The center of Francis’ argument is not a policy push, but an increased “awareness of the gravity of today’s cultural and ecological crisis must be translated into new habits” (sec 209). The key to the solution is in a culture of concern for God’s creation– “to hear both the cry of the earth and the cry of the poor” (sec 49). Thus, repentance for our apathy and our contribution to the harm done to the planet calls us to a penance of–in the words of Patriarch Bartholomew–trading “consumption with sacrifice, greed with generosity, wastefulness with a spirit of sharing”” (sec 9). While on one hand Francis insists that businesses should include consideration of environmental impact from the beginning, the process is best carried out in a manner “transparent and free of all economic or political pressure” (sec 183). This is both a bolstering of the truly cultural call he puts forth and a point towards ensuring consideration for the human ecology problem: poverty. To that end, Francis shows an understanding of the importance of private property, “technical education, credit, insurance, and markets” in the alleviation of the plight of the poor (sec 94). These institutions of justice are vital according to the Acton mission line within PovertyCure. His suggested means are different to aid the acquisition of these key rights, but there is certainly a shared end in mind. Note that “markets” are a source of solution for poverty. The point is that the environmental care the world needs need not come from coercive oversight in market regulation. What has been an understanding as man as lord and master having dominion “over the universe should be understood more properly in the sense of responsible stewardship” (sec 116). Finally, Francis leaves room for less-centralized solutions when he frames the prioritization of the cultural change over any additional rule of law:
“We should not think that political efforts or the force of law will be sufficient to prevent actions which affect the environment because, when the culture itself is corrupt and objective truth and universally valid principles are no longer upheld, then laws can only be seen as arbitrary impositions or obstacles to be avoided” (sec 123).
The encyclical, while painted as simply anti-capitalist, looks seriously at a holistic approach based within an attitudinal change in people. The culture is the key to the solution. What is indicted in the encyclical is the corruption of both the state and the market.
Within the encyclical there are points of contempt for capitalism; however, the condemnation truly only extends to the degenerate form of the free market: consumerism. Any betterment of the ecological issues at hand will incur a cost; yet, the greater cost comes from “economic dysfunctions [which] always involve human costs…[which is] bad business for society” (sec 128). Pope Francis questions the actions of abusive businesses which endanger people for profits; he asks if “is it realistic to hope that those who are obsessed with maximizing profits will stop to reflect on the environmental damage which they will leave behind for future generations?” (sec 190). Despite his inquiries, Pope Francis believes in an economy “which favours productive diversity and business creativity” (sec 129). Economic development and free market capitalism are not in the encyclical an extreme evil, they are just a limited good in the sense they need limits. Francis states that “when nature is viewed solely as a source of profit and gain, this has serious consequences for society”; yet, Francis knows not all profit is simply monetary gain (sec 82). He has observed that “increase in power…has not been accompanied by a development in human responsibility, values and conscience” (sec 105). This holds true in all cases be it economics or politics. Even “laws [that] may be well framed [can] yet remain a dead letter.” That is to say that policy-solutions in ineffective systems accompanied by a fallen culture are as impotent as the ineffective cultivation of proper ecology of crony capitalists and their selfish market actions as both have “negative consequences, such as injustice, violence and loss of freedom” (sec 142). Pope Francis chides that “we forget that “time is greater than space”, that we are always more effective when we generate processes rather than holding on to positions of power” (sec 178). A final exhortation Francis holds both government and market accountable:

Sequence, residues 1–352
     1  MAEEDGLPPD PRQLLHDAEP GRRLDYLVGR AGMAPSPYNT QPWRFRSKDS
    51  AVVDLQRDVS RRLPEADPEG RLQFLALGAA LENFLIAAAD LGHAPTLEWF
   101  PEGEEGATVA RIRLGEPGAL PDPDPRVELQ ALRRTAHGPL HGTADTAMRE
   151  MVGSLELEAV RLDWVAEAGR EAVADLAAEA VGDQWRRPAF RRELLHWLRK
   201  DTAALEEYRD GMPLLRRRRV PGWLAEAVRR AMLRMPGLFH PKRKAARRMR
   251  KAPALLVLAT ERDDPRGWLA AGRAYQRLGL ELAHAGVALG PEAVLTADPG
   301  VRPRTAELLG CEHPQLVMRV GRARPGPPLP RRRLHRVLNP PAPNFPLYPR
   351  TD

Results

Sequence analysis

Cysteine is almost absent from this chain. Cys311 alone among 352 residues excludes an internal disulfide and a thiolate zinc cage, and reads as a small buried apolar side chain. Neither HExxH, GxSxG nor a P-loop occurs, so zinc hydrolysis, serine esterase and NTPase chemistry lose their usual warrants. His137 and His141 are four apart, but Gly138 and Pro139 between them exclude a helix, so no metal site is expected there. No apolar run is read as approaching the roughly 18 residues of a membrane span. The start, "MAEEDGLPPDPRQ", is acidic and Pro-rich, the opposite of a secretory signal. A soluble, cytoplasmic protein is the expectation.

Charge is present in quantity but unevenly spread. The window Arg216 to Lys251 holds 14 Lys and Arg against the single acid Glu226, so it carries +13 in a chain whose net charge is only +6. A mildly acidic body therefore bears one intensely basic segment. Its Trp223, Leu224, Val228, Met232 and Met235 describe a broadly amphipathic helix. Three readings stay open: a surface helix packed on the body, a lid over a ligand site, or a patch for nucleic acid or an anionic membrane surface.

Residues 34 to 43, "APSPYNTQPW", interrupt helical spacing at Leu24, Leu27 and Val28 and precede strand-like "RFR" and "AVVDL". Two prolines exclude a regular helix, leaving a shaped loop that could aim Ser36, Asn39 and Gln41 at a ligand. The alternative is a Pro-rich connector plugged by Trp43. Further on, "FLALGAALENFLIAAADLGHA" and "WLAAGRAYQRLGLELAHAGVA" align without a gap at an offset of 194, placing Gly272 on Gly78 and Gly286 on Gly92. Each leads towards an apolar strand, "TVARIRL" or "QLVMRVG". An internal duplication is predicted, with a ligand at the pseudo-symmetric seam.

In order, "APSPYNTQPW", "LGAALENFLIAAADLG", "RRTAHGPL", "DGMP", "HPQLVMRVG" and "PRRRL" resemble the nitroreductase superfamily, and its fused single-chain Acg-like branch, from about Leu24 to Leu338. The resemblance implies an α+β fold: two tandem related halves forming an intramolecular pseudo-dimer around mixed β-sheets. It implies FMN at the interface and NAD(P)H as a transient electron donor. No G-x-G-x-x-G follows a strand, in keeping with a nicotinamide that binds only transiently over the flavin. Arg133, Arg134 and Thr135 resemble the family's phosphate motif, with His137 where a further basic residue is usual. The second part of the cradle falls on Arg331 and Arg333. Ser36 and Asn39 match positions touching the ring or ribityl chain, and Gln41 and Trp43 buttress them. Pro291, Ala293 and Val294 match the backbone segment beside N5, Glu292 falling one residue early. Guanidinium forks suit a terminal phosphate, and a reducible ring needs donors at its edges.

“Politics and the economy tend to blame each other when it comes to poverty and environmental degradation. It is to be hoped that they can acknowledge their own mistakes and find forms of interaction directed to the common good.” (sec 198).
Although there is here support for a centralized response inspired I think simply by the deep desire to do good, the argument as put forth in a holistic look at the encyclical is not one-sided. In fact, the encyclical looks to a unified front to facing the environmental, human, and moral ecology problems present in the world. The end of the world and its people is communion with God. We are the salt of the Earth, “but if salt has lost its taste, how shall its saltiness be restored? It is no longer good for anything except to be thrown out and trampled under people’s feet” (Mt 5:13). To be the salt, we cannot lose our flavor and get walked on. Instead we must take a stand and curb the taste for power and material-gain by grounding our society in a virtue which cultivates the given garden and keeps for generations to come.